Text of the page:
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Maternal temperature history controls progeny vigour

Periodic Reporting for period 1 - MATHCOV (Maternal temperature history controls progeny vigour)

Reporting period: 2018-07-01 to 2020-06-30

Seed dormancy and germination are complicated transition processes that play important roles in plant life history. It has been shown that seed dormancy is tightly controlled by the temperature experience of mother plants. Whilst there have been studies showing how the seed production temperature affect seed germination and dormancy, less attention has been paid to post-germinative growth. This event has frequently been called ‘seed vigour’, and refers to the ability of seeds to establish a vigorous and uniform stand of seedlings. Field crops generally have high seed vigour and can establish in a wide range of soil conditions. In species without dormancy, such as Brassica spp., variation in seed production temperatures also affects the rate of seedling growth. Thus, these same molecular processes that control dormancy are also relevant to early seedling growth parameters that interest seed companies. Interestingly, our previous work suggests that endosperm may be a site of perception of temperature signals that regulate seed germination and seedling growth. The overall objective is to address how seed production temperature controls progeny germination and seedling growth vigour via endosperm. In details:
Objective 1. Identification of key genes underlying maternal temperature effects on seed development and seedling establishment.
Task 1.1 Reconstruction of temperature-responsive gene network.
Task 1.2 phenotypical verification of identified genes.

Objective 2. Identification of stably-inherited epigenetic changes in seedlings that result from temperature effects during seed maturation.
Task 2.1 Investigation of temperature-induced epigenetic changes.
Task 2.2 Identification of pathways involved in temperature-induced progeny vigour difference.
• Work performed
1) We identified endosperm as a critical tissue that perceives temperature signal to control seed germination and seedling growth;
2) We identified that bent cotyledon stage is the precise stage of seed development in which Brassica seeds are most sensitive to temperature.
3) We constructed transcriptomic networks for endosperm and embryo in response to temperature shifts during seed development;
4) We demonstrated that ABA plays a crucial role in regulating endosperm-dependant seed germination in response to temperature changes.
5) We used TILLING to produce key mutants in Brassica oleracea which are involved in sensing temperature.

• Main results achieved so far
First, we constructed the transcriptomic networks in specific seed tissues responding to temperature by performing the time-series RNA-seq during seed maturation and seed germination. A specific cluster was identified in endosperm, which includes previously reported temperature or seed dormancy regulators, such as bZIP67, FUS3, MFT and SPT, ZOU. bZIP67 directly binds to the promoter of DOG1 and activates its expression. FUS3 is a LEFL transcription factor that plays important roles in seed maturation. In wheat MFT was identified as a temperature sensor to regulate seed germination. MFT also regulates seed dormancy with SPT in Arabidopsis as well. ZOU was recently shown to determine seed dormancy depth with another transcription factor ICE1. The similar transcriptomic pattern of these regulators indicates that there are core genes responds to temperature and controls seed germination in endosperm. Furthermore, we demonstrated a contrasting response of endospermic and embryonic DOG1. In high temperatures, endospermic DOG1 increased, while embryonic DOG1 decreased. This is a consequence of seed development, which is driven by high temperature.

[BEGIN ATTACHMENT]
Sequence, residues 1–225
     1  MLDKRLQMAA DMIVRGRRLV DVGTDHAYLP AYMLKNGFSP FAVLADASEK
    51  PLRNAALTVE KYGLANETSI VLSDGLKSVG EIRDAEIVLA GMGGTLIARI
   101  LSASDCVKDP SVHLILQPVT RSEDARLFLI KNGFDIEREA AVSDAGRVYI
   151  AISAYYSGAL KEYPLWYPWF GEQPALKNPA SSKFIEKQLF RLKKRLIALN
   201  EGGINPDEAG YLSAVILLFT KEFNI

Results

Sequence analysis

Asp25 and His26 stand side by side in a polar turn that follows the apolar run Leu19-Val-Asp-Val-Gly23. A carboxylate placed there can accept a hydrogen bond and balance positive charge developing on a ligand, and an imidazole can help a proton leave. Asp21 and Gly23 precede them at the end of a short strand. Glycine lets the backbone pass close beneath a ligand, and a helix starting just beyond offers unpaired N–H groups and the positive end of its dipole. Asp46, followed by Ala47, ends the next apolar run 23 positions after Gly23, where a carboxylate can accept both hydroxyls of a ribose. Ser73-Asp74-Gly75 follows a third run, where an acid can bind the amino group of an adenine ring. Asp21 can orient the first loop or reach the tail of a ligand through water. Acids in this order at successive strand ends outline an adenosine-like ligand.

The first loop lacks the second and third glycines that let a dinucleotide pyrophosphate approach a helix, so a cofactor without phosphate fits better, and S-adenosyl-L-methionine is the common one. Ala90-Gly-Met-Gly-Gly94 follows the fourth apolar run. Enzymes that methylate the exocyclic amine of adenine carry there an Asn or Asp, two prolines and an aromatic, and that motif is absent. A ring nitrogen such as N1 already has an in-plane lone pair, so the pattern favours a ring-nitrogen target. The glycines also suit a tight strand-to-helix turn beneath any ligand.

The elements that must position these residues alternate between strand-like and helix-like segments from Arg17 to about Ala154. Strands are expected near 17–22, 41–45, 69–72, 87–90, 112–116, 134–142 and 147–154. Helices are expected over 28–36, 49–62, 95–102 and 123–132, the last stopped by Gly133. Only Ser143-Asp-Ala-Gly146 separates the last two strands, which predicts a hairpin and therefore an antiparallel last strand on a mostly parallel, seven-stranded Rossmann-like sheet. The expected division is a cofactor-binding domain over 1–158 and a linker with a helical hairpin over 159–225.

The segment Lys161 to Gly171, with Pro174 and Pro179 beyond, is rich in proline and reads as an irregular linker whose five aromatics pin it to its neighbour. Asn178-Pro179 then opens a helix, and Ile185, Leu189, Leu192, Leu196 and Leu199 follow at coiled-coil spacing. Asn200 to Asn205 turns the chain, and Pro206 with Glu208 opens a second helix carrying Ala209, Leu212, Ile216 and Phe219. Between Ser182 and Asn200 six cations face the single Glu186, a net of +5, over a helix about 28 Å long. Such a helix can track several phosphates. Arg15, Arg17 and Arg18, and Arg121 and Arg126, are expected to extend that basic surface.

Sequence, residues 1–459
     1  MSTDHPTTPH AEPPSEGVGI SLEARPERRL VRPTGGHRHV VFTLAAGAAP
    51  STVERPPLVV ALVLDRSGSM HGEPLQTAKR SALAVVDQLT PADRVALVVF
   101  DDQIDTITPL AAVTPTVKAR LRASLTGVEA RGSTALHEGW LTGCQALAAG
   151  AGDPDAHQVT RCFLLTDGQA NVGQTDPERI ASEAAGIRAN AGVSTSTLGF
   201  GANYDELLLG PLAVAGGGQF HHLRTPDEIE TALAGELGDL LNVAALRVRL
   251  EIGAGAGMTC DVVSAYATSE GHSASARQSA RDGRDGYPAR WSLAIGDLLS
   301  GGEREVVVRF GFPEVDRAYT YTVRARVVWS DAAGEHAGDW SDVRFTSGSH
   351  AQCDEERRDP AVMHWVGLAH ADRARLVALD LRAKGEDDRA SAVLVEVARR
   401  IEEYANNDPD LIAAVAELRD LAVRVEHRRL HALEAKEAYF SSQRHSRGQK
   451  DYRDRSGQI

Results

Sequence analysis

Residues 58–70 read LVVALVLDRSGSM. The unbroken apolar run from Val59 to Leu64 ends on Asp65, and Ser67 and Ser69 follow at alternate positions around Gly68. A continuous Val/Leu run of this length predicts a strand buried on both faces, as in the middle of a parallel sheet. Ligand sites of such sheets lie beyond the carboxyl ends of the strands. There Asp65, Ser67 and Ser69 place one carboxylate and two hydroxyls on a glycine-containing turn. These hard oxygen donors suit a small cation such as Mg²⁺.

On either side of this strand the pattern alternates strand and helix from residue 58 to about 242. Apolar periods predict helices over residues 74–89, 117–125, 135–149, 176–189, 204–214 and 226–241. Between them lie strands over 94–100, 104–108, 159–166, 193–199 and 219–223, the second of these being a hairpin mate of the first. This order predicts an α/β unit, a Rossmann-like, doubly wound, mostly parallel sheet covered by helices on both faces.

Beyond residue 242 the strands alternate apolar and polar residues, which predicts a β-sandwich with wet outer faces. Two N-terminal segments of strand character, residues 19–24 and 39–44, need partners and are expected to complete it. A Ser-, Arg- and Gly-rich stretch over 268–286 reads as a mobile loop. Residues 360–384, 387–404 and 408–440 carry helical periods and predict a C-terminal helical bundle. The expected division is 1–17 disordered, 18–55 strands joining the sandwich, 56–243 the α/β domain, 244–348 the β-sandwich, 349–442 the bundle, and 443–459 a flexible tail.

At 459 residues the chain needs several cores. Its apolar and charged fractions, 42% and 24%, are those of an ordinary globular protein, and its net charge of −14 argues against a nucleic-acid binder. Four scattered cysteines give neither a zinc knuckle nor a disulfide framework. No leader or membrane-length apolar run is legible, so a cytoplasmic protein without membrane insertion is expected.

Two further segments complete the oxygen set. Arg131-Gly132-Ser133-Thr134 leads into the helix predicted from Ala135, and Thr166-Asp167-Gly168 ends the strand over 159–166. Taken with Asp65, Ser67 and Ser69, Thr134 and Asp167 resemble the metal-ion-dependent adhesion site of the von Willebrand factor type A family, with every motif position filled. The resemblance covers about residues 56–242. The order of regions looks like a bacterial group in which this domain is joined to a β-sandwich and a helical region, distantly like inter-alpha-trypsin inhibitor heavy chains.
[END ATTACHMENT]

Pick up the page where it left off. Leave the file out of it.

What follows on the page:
Second, we found that ABA plays a key role in seed maturation process. ABA was reduced in endosperm and embryo when plants were in heat shock for only one day. The differential ABA levels further contribute to the final seed germination difference. By examining the time-series transcriptomic data, we found CYP707As were upregulated in high temperature. This accelerated ABA catabolism. Furthermore, we showed that the seed dormancy phenotype of Arabidopsis mutants aba2 and cyp707a1/2 was not dependant on temperature. Further, we demonstrated that absence of ABA attenuates the temperature effect on MFT and DOG1.
We have produced large-scale tissue-specific (endosperm and embryo) transcriptomic data and hormone data during seed maturation and seed germination for Brassica oleracea. Using this data, we have reconstructed the temperature-responsive gene network in endosperm and embryo. This provides a better understanding that how temperature modulates seed development and seed germination. We also generated homozygous double mft mutants in B.oleracea. Together with related Arabidopsis mutants, these plant materials will benefit seed scientists and seed companies. The data and plant materials will ultimately benefit policymakers and farmers by showing how to add resilience to environmental variation on seed performance.